Please give us your best getting-children-thr
We'd like your tips and suggestions, please, for getting your children (and yourself) through exams without dissolving into little puddles of disagreement and stress.
Anything that you've found helpful in the run-up to exams, from coping with nerves to locking them in their bedroom getting them to stick to their revision timetable.
And we're not just thinking GCSEs and A-levels. Please do also post tips that'll help others negotiate their progeny through SATs, 11-plus, secondary-school (or even primary-school) entrance tests.
<coming over all quivery just thinking about it!>
Thank you, MNHQ
<marks thread as DD1 starts GCSEs next week>
I think that putting a mental wall that repels all the abuse that is going to spout out of her mouth would be a good start.
I know I am going to hear "for God's sake" / "this is stupid" / "I can't do this" / "I hate you / it / them" / "I don't need GCSEs anyway, I will just forget college and get pregnant" over and over again in the next couple of months.
Deep breathing now and soothing tones.
And trying to make sure she eats properly, gets an early night, and doesnt spend ALL her time revising.
I do think they need some time off too.
Good luck to everybody, tis not going to be easy!!
Its really important to realise that your dc may not learn or revise how you did. If they want to revise whilst listening to quiet music let them. Young brains seem able to process stuff without total silence.
Lots of snacks, its amazing how much energy the brain uses up. Lots of sleep, the brain consolidates all the knowledge whilst asleep.
Most of all, no parental pressure - its counterproductive !
Give promise of a present/holiday/iPod/day out whatever at end of exams - not when results are announced but when exams are over - this is for trying their best. The most important thing whether "success" is achieved or not.
Be around to test them if required and to postpone or bring forward meals to fit in with revision.
Short walks break up the day (ask them to post a letter for you) or accompany them on a walk around the block and don't talk about exams.
(So speaks the Mum of two boys - Youngest is 18 with a three school year gap so have had six summers of public exams in a row. Nice.
some exercise to stimulate their physical body is needed. It also helps with stress hormones.
Snacks, no pressure from parents, just encouragement to do their best and be supportive.
Also, make sure that the children know how to study, that is important.
Agree with Pippop1, some reward for the effort rather than the results - ie at the end of the exams. (and a boozy night out for the long suffering parents is in order too!!
Kkeeping calm around them and tolerating their short tempers is a must I think while they are doing their exams. Also we let ours completely take over the dining room table to revise (their place of choice despite nice bedroooms which they said were too isolated!!!!)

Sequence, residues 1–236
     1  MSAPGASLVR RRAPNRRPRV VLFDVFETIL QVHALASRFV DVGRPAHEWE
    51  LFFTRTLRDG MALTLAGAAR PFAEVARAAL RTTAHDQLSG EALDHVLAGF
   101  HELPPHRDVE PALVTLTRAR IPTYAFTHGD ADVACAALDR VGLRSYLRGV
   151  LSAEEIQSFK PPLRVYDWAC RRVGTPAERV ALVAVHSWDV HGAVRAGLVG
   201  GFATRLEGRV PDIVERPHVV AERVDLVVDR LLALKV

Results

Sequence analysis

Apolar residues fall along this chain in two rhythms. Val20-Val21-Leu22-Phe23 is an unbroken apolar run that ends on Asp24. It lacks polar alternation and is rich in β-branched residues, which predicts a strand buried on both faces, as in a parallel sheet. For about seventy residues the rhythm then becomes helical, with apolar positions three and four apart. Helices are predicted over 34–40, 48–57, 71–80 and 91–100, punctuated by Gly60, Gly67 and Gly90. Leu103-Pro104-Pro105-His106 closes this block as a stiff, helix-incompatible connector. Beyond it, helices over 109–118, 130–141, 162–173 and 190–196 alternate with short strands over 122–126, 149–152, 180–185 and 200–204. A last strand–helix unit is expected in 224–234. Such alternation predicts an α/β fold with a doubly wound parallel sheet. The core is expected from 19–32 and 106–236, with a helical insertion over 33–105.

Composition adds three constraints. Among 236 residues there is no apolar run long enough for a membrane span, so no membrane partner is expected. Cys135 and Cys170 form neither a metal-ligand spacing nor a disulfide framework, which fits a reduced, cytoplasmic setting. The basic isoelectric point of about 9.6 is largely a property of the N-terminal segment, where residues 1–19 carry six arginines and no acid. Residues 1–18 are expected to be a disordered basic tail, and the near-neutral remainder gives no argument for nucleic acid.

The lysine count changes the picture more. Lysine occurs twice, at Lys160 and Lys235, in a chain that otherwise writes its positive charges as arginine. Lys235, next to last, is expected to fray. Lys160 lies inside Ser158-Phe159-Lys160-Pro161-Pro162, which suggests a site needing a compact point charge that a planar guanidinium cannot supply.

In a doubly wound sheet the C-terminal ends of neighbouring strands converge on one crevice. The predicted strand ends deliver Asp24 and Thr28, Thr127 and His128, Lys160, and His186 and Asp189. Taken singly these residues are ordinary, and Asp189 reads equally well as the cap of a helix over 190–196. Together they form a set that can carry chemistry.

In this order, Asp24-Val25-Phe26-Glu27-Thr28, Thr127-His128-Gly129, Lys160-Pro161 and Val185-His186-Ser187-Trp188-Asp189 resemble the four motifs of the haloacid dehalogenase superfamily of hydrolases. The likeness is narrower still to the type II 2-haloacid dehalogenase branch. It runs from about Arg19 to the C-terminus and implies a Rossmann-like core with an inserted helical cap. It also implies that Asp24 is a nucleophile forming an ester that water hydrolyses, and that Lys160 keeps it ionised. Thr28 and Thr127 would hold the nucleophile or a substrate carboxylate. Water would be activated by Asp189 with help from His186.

My sympathies to anyone who has a GCSE and an A leveller at the same time!! Thankfully all school exams behind me, but the angst does not completely go away - my eldest is doing his finals as we speak 100 miles away and I keep wondering how the poor little thing (aged 21) is doing!!
lots of cuddles, that still seems to help my 16 yr old dd, and agreeing with everything she says
Regular food and exercise will help them focus - they can get too fixated on "revising" while actually not taking in any information due to tiredness.
Finishing the revision a half hour before bedtime and doing something else to relax will help make it easier to get off to sleep.
Make sure you know when and where each exam is, and what they need to have with them (and what is forbidden, eg mobile phones).
If you have a DC who is likely to get stressed, try to keep calm yourself about the whole business, and point out that while it's convenient to get a good set of qualifications first time round, the world will not stop turning if they don't, and their life will not be ruined. (It's more convincing if you start taking this tack before exam time, so they don't think you're just trying to make them feel better when it's all getting stressful)
OTOH if your child lacks self-motivation, stress the "more convenient to get them first time round" part of the above!
ditto for DS1 who is approaching ASs
agree with TheHills about excercise and no pressure
I enforce a books away time at night to try and prevent the over tired thing.
We help him draft a revision schedule about 6 weeks in advance.
Dh has evenings where he sits with him and will test him if DS1 wants ( DH has to do it - Latin is all greek to me)
Eating properly and drinking water.
Letting him be grumpy and panicky
Also we have talked to him about getting course work/ support sheets etc done in advance and not left until last minute. We have nagged about this on the basis of 'what would you do if you brike your hand the week before and couln't do work that should have been finished weeks ago".....
...... so yesterday I was at A&E until 10.00pm with DS1 and suspected broken finger in his right hand and [weeping].
I got dd through SATS by telling her truthfully that these were not big important exams; that they were to test the school, not her; that they would have no influence on her future chances of getting a job she wanted or studying anything she wanted; and that if the headteacher told her otherwise, then the headteacher was telling porkies. Dd, who had heard the head telling porkies before, but has a reasonably high opinion of my truthfulness, was much relieved.